Chapter Twenty

Evidence of another successful effort in our publicity campaign was still in place as late as 2002.

The peculiar design of the Alberta Block, the downtown government building that housed CKUA, left a perfectly blank wall two stories high and an equivalent distance wide facing Jasper Avenue, Edmonton’s main street. It was too good to miss.
I approached Jack with an idea: why not fill the space with an advertisement for the newly empowered CKUA? Typically, he shoved his work aside, got to his feet, and led me on a breathless climb up a stairway that brought us to the roof.
“Work me up a sketch of what you want,” Jack told me, “and I’ll see what I can do.”

As I explained in an earlier chapter, I am a cartoonist of sorts. I knew that Jack was particularly fond of the typeface used on the letterhead we were using, so I made it the centerpiece of my design. Jack’s favorite letterhead and an arrow pointing to the favored spot we enjoyed on the AM dial: 580, at its very beginning. All that had to be added was the mandatory: “Owned and operated by Alberta Government Telephones.”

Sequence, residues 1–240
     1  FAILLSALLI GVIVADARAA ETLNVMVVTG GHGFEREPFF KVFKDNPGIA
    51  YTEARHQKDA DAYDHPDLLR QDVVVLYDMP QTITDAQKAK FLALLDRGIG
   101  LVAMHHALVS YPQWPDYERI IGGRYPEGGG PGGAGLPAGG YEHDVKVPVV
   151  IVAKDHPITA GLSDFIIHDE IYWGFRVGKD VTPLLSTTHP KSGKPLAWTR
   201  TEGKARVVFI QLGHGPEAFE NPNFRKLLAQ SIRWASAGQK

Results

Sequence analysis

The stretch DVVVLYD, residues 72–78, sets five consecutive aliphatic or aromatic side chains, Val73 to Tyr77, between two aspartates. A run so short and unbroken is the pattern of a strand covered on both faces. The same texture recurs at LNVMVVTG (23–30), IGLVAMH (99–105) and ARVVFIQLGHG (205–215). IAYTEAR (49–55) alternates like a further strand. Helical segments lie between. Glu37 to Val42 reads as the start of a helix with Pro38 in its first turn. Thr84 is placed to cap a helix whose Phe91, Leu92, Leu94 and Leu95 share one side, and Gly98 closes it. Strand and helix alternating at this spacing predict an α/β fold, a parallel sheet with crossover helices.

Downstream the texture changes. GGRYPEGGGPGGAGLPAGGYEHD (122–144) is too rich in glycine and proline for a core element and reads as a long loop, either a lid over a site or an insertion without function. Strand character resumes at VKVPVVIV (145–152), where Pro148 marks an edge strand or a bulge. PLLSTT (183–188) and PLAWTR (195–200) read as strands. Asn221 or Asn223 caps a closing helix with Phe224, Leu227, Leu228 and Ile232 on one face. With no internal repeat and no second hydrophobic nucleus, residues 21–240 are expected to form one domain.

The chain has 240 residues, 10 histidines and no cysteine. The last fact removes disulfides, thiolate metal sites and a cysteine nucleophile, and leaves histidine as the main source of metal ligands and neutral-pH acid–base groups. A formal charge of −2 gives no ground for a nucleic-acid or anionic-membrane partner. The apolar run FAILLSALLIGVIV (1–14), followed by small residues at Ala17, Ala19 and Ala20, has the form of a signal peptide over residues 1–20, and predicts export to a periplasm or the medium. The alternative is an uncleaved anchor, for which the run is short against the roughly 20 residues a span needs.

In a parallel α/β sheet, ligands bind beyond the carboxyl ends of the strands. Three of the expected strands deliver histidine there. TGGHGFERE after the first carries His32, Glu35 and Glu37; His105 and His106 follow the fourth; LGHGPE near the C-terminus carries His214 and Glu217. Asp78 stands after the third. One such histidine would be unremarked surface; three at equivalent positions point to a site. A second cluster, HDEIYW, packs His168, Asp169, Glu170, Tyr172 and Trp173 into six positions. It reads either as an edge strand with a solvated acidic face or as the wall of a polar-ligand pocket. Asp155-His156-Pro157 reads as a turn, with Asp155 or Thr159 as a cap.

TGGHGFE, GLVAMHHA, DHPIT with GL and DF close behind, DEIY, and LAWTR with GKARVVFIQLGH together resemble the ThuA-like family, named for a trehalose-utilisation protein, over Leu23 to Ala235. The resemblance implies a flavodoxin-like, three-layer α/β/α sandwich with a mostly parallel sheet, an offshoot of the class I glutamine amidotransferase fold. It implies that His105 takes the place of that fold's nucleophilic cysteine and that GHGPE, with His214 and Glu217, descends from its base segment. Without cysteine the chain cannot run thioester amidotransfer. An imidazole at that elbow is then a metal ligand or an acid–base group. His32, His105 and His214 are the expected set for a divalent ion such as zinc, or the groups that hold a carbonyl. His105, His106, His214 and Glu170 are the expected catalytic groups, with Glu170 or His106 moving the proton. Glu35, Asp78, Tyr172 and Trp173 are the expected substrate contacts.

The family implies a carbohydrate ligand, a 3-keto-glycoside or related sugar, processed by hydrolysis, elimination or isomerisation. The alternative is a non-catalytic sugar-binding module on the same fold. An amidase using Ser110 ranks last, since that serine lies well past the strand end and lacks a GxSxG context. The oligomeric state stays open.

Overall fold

What Jack “could do” has been staring down at passing main street traffic for more than forty years.

Okay, so I’ve established myself as God’s gift to non-commercial radio. Now let me tell you about some of the things that didn’t work:
Just one of the blessings I had been handed with that Program Director’s job was a fine newsroom. Paul Tatarewicz had managed to stay within the strictures set out by CKUA’s strange semi-governmental status to put together an enviable news service. I should have left well enough alone, but there was enough commercial radio left in my system to have me favoring the idea of a newscast every hour. I now know that CKUA had fought several bitter battles to keep its newscasts more comprehensive than a ‘news-on-the-hour’ pattern would allow.
I also took exception to Paul himself – or, at least, to the way he came across on the air. After how I had been bruised by the more aggressive style of Al Davidson during my Winnipeg days, you would think I would have welcomed Paul’s mild-mannered radio voice. But I was determined to put more ‘oomph’ into our newscasts.